You fail to realize that science and religion are the same. Both seek truth and understanding. If you take evolution and crea-tionism together it is easy to see that they are the same thing. First there was a ferment (collapsing universe), then God created light (big bang), God formed the heavens and the earth (accretion of the planets), then you get the beasts of the field (evolution) and man. How many new life forms have developed since the dawn of man? Since the Bible is told from God’s point of view, and God transcends our dimensions of space and time, would not seven days to a being without time be 20 billion years to us? Where’s your sense of relativity?

Irwin Arnstein


Lessons From Atlanta

I was most impressed by Ruth Fitzgib-bons’s editorial, “Learning From Atlanta, A City ’Too Busy to Hate,’” [July]. While I’ve been concerned about DART, the police review board, crime, AIDS, etc.. the biggest issue facing Dallas-in my judgment-is leadership in all facets of the city. Many of the people we could once call on have become preoccupied with saving their businesses or their jobs. Others have grown weary of the battle and have retired to the sidelines. I hear too many folks with leadership qualifications say, “I don’t want any part of this mess… I’m not going to waste my time dealing with those people.” Underlying much of this, of course, is the black-white relationship.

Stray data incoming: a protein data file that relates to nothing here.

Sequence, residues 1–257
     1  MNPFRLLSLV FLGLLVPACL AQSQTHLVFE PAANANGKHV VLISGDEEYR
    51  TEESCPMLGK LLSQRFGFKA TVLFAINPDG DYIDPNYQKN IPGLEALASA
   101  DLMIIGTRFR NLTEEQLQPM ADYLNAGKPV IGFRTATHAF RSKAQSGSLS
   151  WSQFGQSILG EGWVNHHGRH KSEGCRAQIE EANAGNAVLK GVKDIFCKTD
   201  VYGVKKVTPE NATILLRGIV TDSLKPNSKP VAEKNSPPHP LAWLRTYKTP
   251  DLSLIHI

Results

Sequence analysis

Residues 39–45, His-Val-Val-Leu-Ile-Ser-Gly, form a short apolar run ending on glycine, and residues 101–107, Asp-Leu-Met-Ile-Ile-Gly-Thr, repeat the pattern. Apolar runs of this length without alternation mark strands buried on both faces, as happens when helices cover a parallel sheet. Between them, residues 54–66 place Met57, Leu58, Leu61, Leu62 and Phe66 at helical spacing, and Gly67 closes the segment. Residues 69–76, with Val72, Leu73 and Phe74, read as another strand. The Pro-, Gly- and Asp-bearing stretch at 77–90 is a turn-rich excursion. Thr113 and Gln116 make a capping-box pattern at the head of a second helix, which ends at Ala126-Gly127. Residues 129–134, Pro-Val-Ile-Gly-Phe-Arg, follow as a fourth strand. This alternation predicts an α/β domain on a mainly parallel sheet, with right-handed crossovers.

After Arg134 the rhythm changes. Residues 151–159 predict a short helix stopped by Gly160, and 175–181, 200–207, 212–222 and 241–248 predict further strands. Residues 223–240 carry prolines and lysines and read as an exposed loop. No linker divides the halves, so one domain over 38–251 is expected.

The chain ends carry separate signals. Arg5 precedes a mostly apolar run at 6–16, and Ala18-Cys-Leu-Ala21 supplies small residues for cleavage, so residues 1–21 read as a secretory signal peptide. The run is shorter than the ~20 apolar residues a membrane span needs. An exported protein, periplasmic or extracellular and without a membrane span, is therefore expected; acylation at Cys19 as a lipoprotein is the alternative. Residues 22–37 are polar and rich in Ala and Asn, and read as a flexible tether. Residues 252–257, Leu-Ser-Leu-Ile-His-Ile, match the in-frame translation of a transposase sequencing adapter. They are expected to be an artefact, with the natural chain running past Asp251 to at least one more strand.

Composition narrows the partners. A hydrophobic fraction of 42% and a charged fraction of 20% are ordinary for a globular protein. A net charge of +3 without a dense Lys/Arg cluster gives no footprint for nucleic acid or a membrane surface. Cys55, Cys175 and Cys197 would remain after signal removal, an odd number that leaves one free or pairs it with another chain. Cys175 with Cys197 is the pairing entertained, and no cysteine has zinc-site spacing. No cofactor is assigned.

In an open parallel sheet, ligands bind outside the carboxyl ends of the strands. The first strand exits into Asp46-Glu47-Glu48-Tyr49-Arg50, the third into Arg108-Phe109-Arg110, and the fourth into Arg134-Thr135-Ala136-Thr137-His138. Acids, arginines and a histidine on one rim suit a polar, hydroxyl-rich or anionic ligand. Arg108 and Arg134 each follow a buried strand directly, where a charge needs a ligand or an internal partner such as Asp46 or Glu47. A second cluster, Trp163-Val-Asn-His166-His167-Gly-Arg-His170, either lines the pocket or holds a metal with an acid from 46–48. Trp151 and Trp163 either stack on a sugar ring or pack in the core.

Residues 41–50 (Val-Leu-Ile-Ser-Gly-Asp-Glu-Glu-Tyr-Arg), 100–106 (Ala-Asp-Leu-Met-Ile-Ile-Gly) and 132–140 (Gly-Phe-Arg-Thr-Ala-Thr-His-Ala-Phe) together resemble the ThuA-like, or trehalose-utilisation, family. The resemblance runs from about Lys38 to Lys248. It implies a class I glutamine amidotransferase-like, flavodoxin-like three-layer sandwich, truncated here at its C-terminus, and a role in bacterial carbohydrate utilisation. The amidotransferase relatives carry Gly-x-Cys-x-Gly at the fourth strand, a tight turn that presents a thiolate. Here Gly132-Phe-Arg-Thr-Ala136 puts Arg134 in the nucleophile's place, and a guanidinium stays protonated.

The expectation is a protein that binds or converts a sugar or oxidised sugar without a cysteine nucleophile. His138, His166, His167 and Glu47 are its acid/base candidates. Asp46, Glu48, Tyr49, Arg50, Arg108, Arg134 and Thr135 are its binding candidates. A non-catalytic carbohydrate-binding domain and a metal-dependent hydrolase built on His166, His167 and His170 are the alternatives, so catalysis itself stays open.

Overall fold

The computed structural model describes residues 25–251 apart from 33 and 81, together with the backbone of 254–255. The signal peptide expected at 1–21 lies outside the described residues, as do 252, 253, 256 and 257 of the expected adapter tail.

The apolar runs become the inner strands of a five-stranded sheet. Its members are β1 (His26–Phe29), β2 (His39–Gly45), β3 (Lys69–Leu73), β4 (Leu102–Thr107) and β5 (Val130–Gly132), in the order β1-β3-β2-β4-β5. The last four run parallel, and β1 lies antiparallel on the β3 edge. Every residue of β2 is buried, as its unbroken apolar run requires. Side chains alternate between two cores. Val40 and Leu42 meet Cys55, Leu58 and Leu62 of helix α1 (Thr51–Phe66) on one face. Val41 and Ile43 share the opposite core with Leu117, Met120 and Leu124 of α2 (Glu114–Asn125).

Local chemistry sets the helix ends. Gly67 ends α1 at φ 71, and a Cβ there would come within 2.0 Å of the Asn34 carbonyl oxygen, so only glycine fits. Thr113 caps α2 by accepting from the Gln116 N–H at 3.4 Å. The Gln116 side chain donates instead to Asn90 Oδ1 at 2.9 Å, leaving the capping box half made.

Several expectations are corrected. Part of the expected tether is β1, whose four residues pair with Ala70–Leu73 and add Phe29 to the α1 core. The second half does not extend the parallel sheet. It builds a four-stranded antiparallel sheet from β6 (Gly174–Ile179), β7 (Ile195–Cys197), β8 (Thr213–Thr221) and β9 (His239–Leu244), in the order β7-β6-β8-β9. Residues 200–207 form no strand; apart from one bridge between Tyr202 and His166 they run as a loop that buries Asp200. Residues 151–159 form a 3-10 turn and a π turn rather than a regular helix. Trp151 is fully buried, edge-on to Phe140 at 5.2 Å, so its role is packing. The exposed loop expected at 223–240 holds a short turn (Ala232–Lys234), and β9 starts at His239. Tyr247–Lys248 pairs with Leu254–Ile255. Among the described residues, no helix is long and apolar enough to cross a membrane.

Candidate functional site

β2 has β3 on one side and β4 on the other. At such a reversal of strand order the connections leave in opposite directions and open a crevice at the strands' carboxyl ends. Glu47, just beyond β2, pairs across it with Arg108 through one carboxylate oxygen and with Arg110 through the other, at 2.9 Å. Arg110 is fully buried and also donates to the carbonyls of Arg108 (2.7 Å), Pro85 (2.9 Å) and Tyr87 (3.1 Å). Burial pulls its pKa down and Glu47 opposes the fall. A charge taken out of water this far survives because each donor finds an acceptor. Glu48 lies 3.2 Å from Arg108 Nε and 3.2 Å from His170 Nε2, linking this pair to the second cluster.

The editorial suggests that Atlanta could serve as a model for how Dallas comes to grip with the black-white issue. Obviously, until we do there is no real hope for Dallas achieving its “place in the sun.”

David J. Kerr


The Melting Pot Church

Having just read Richard West’s “Amazing Grace,” in the July Z), I found it to be both informative and inspiring, with an effective balance of “story” and feeling that commends its content to the reader, whether sympathetic with Grace United Methodist or not. I want to compliment West highly for his skill and style in the article.

J. William Matthews

Director, Public Relations

Perkins School of Theology. SMU

Pei Dirt Is Groundless